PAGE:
Sierra Nevada Corporation

Headquartered in Sparks, Nevada, Sierra Nevada Corporation is a privately held company that was founded in 1963 and acquired by its current owners, Eren Ozmen and Fatih Ozmen, in 1994. It has approximately 4,000 employees situated in 33 locations throughout the world. Its expertise in the commercial space sector was established through its 2008 purchase of SpaceDev.  Through this acquisition, Sierra Nevada Corporation obtained intellectual property rights to the commercial space utility vehicle, the Dream Chaser, which the company is still developing today.

The Dream Chaser is designed to be a multi-mission platform that can transport crew and cargo to LEO. While the Dream Chaser eventually lost out to Boeing’s Starliner and SpaceX’s Crew Dragon in NASA’s Commercial Crew Development Program, it was one of the finalists. Sierra Nevada Corporation had protested the final results, but the Government Accountability Office confirmed the results noting that “Boeing’s proposal [was] the strongest of all three . . . [and] SpaceX’s lower price made it a better value [than the Dream Chaser].” However, the Dream Chaser was selected by NASA to ferry experiment supplies to the International Space Station for the agency’s resupply contracts running from 2019 to 2024. Additionally, the United Nations also selected the Dream Chaser for its first-ever space mission: a two-week journey in LEO. Expected to launch in 2021, the mission is open to all member states but priority will be given to those nations that do not have their own capabilities for Outer Space missions.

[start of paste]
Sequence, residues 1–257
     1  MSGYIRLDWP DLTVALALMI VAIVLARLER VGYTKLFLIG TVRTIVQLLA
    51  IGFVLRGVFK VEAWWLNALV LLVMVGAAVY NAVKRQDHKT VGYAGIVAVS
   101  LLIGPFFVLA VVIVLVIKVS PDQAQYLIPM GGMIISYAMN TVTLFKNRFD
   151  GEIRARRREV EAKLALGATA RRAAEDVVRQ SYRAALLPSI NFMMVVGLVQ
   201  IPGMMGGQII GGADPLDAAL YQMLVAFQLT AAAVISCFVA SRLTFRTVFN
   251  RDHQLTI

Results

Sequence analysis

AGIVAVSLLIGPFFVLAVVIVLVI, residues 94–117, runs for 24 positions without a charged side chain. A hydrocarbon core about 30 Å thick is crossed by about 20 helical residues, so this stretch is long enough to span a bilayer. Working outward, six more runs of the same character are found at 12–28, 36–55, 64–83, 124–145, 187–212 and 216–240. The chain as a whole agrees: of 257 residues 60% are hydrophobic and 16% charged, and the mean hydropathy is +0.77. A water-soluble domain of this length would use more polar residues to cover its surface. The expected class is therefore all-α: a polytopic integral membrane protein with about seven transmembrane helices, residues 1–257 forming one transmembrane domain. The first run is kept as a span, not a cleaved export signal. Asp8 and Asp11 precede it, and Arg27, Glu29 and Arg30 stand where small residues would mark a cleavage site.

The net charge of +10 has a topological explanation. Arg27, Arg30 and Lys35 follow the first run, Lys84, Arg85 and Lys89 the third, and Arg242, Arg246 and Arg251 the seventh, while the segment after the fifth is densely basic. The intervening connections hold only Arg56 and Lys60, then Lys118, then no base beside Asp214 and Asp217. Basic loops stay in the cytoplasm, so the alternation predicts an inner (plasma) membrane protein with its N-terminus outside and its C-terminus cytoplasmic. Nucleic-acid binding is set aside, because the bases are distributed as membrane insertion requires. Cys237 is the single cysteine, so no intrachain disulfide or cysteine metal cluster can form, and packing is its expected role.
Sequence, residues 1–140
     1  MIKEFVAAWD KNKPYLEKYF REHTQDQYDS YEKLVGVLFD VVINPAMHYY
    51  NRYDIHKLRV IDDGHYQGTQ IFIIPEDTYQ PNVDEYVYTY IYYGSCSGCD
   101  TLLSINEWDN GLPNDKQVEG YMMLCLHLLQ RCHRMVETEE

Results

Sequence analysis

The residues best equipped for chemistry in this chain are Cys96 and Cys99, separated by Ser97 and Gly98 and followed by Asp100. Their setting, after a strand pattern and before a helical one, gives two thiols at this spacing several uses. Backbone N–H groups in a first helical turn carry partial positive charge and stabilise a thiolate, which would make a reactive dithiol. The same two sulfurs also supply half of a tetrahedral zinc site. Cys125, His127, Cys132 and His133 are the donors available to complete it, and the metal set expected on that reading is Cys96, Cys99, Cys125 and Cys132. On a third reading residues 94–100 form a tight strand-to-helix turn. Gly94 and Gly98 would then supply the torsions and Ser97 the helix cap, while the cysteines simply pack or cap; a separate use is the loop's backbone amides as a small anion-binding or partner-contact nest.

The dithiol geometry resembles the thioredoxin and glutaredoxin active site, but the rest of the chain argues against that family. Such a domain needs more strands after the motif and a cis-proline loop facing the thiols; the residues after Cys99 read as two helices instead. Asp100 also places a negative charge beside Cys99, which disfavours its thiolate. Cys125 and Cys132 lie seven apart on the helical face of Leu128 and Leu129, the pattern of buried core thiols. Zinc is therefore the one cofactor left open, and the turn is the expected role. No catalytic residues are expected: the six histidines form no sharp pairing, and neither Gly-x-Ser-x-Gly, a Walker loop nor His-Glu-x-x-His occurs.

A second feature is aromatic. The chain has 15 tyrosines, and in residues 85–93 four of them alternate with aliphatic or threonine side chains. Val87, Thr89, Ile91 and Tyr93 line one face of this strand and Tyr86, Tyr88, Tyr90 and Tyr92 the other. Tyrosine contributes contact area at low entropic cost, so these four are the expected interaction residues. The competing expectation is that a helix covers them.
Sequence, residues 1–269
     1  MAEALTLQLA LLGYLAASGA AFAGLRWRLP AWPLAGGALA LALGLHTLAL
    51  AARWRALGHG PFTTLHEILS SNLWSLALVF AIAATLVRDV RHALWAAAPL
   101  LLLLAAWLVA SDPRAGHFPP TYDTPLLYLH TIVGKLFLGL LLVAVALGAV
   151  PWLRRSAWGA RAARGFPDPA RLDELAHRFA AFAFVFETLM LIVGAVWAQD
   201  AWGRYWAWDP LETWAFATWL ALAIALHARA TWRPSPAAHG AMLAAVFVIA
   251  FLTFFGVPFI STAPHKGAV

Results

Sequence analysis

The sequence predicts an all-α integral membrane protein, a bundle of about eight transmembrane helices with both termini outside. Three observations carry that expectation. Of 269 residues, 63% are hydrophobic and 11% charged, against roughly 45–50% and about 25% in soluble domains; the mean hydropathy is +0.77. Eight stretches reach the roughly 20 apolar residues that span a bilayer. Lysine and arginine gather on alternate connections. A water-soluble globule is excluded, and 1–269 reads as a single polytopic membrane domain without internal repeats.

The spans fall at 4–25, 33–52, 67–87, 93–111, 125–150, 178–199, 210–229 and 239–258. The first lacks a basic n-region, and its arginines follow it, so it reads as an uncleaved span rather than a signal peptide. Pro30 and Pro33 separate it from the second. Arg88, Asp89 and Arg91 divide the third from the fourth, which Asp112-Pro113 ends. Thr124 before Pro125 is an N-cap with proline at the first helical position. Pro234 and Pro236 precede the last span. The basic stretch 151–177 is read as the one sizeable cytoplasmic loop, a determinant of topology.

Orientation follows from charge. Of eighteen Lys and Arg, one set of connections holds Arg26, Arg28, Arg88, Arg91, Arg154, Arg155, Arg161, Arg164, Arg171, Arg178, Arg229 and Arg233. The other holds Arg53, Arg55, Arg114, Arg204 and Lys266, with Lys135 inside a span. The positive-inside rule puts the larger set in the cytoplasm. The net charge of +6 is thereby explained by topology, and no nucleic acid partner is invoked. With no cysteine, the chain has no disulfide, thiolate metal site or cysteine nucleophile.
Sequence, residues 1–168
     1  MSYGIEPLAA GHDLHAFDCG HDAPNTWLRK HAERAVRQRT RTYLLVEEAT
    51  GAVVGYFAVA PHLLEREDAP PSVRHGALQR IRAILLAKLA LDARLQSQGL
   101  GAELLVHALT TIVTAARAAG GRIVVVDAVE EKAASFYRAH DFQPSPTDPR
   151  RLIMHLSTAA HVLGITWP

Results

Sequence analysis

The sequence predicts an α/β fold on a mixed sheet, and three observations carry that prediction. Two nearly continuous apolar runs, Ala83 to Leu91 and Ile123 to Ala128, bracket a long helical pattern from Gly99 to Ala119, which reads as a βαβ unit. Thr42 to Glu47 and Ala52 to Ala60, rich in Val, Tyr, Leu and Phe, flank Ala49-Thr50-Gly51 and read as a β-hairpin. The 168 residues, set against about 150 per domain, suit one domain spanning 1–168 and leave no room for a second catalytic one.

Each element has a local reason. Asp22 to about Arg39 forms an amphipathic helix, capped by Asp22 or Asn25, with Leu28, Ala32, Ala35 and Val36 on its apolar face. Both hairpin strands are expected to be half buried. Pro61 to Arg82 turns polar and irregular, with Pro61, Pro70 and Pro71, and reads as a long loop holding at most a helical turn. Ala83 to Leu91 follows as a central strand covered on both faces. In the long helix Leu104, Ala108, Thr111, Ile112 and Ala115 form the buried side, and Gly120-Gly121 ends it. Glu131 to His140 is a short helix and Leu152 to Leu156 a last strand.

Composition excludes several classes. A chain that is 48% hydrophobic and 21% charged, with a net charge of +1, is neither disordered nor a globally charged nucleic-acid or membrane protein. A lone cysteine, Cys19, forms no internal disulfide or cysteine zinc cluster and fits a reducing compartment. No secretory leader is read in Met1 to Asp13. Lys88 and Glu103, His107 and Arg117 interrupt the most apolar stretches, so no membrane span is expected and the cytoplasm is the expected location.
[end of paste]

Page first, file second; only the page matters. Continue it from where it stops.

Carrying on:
As for its physical specifications, the Dream Chaser is designed to be the next evolution of the Space Shuttle. With foldable wings, the cargo Dream Chaser can fit within the 5-meter fairing of both the Ariane 5 (Arianespace SA) and Atlas V (United Launch Alliance) launch platforms. It will be able to carry a payload of 5,000 kilograms (pressurized) and 500 kilograms (unpressurized) to LEO while returning to Earth with 1,750 kilograms of cargo. It can also dispose another 3,250 kilograms of trash through its cargo module which will be ejected and incinerated upon reentry.

Swedish Space Corporation

Founded in 1972, the Swedish Space Corporation first incorporated with the name “Rymdbolaget.” In its over 45 years of existence, the company has launched over 633 balloons and 565 rockets, helping to deliver over 118 payloads. Its launch facility, Esrange Space Center, is located in Northern Sweden. Led by the European Space Research Organization (which became the now better-known European Space Agency), construction first began on this space center in 1964 with Swedish Space Corporation taking over the ownership upon the Company’s founding in 1972.

The Swedish Space Corporation is known for its Maser rocket, which was first launched on March 19, 1987. The rocket is primarily used for research in microgravity conditions; with a total payload capacity of 300 kilograms, Maser typically carries 4-5 modules of experiments with each experiment weighing between 45 to 75 kilograms. Unsurprisingly, Maser’s main customer is the European Space Agency.